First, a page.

Putting Away The Blues

(Matthew 2:11: They went into the house and when they saw the child with his mother, Mary, they knelt down and worshiped him. They brought out their gifts of gold, frankincense and myrrh, and presented them to him.)

Last year a friend taught me a wonderful Christmas lesson over three cups of coffee. I’ll condense it here: “I’m really trying to let Christmas “soak in” this year. Every year’s such a letdown. Just as I’m seeing the Christmas trees put out to the curb, I feel like the “Christmas Spirit” is gone. Everything is back to grind, back to the gray and coping with winter slush and taxes. But I’m not giving in this year. I’ve got to bring the Christmas Spirit into the New Year.

“I’m fighting off the winter blues by focusing on two things; giving and gratitude. Joe does most of the cooking, you know, I’m just not the cook. But on Wednesdays he’s always late so I have to get something together, and you know, it’s the minimum. And usually I’ve got an attitude. So last Wednesday I decided to make an effort and give everyone their favorite dinner. They appreciated it, but more importantly, I just felt great about myself and it brought us closer together, too. If the Three Kings can cross the desert to bring a gift, I want to do that for my family.”

The “winter blues” can sap us. The energy of our faith can, and should, inspire us to bring a new spirit into the new year. My friend was inspired by the effort of the Magi and I was inspired by her. Seeking the Holy in everyday life takes effort, but the time is well invested. God is with us.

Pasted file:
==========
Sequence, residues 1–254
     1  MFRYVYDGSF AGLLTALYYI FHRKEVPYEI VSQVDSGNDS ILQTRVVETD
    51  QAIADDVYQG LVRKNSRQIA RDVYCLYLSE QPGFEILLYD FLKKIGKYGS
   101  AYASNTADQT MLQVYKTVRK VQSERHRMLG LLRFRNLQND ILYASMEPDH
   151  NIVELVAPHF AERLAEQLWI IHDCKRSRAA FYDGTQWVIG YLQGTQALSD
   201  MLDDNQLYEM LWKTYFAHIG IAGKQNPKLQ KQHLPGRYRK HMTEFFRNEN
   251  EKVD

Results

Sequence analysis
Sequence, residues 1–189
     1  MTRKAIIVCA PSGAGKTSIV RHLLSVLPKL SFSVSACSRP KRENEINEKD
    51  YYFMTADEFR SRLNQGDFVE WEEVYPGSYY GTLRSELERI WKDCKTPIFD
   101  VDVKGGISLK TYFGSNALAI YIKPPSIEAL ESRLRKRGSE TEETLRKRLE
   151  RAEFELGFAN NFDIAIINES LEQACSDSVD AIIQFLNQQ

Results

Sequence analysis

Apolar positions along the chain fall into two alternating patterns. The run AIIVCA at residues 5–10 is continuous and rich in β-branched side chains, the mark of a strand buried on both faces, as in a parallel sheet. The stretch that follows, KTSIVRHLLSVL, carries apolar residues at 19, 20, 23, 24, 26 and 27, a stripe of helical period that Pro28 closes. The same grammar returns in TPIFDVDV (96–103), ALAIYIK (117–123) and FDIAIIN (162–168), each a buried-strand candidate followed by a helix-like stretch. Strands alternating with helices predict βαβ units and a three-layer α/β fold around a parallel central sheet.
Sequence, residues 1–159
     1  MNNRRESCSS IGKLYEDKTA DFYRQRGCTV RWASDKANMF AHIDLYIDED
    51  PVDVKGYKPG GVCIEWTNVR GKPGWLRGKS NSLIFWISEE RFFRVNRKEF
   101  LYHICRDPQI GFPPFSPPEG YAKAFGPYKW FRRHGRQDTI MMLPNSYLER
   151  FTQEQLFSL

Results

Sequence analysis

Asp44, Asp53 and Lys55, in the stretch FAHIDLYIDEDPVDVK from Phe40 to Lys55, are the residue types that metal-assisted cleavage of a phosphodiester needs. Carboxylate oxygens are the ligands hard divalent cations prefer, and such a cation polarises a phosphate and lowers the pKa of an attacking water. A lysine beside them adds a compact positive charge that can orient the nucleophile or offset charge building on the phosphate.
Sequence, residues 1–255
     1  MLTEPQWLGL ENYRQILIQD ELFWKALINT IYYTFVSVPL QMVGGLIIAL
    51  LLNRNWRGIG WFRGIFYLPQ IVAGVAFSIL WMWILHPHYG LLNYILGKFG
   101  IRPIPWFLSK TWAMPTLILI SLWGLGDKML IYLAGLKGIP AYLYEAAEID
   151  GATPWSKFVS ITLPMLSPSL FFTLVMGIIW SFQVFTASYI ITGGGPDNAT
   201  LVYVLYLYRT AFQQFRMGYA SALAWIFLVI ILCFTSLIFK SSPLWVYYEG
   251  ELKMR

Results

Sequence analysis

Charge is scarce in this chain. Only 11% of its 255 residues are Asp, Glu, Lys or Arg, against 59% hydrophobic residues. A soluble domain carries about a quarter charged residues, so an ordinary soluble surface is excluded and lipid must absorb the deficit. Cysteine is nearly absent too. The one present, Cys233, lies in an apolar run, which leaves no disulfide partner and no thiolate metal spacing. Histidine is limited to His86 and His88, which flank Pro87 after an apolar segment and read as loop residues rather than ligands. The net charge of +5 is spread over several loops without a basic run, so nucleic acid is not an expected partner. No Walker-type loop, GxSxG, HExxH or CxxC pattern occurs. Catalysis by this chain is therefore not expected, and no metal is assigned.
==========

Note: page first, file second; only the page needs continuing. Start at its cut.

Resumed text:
While the energy of the holiday fades, it is up to us to bring the spirit of “God-With-Us” into our new year. The Gospel imperative is the dual impulse to embrace the divine in our hearts and engage the sacred in our neighbor. The Magi did that and so can we.

The energetic activity of the Christmas season can fade away or we can let it train our attitude, transforming gray moments with bright generosity. Imagine ordinary tasks transformed by treating them as gifts not only to delight others, but to honor the Holy? There is no room for poisonous resentment in acts of generous giving. Following Jesus entails a shift to devoting ourselves to serving others.

In our moments of prayer, we can resolve to ask for God’s help to apply the lessons of Christmas. Our prayers can be light in the darkness of our struggles and discontent. Imagine contemplating our cares and worries with the firm purpose to seek God and to trust we will find God in the life we live daily? Seeking the Holy as we live and pray brings the light of Christmas and the promise of Jesus into the new year.


Rev. Forrest Parkinson, LMSW, LP, LCC Pastoral Psychotherapist. Pastor Parkinson counsels adults and couples at LCC’s Advent, NYC, and Mineola sites.
  


Call the Lutheran Counseling Center at 516-741-0994 or 1-800-317-1173 or e-mail us at Center@lccny.org for more information or to set an appointment. LCC has nine counseling sites in and around metropolitan New York.

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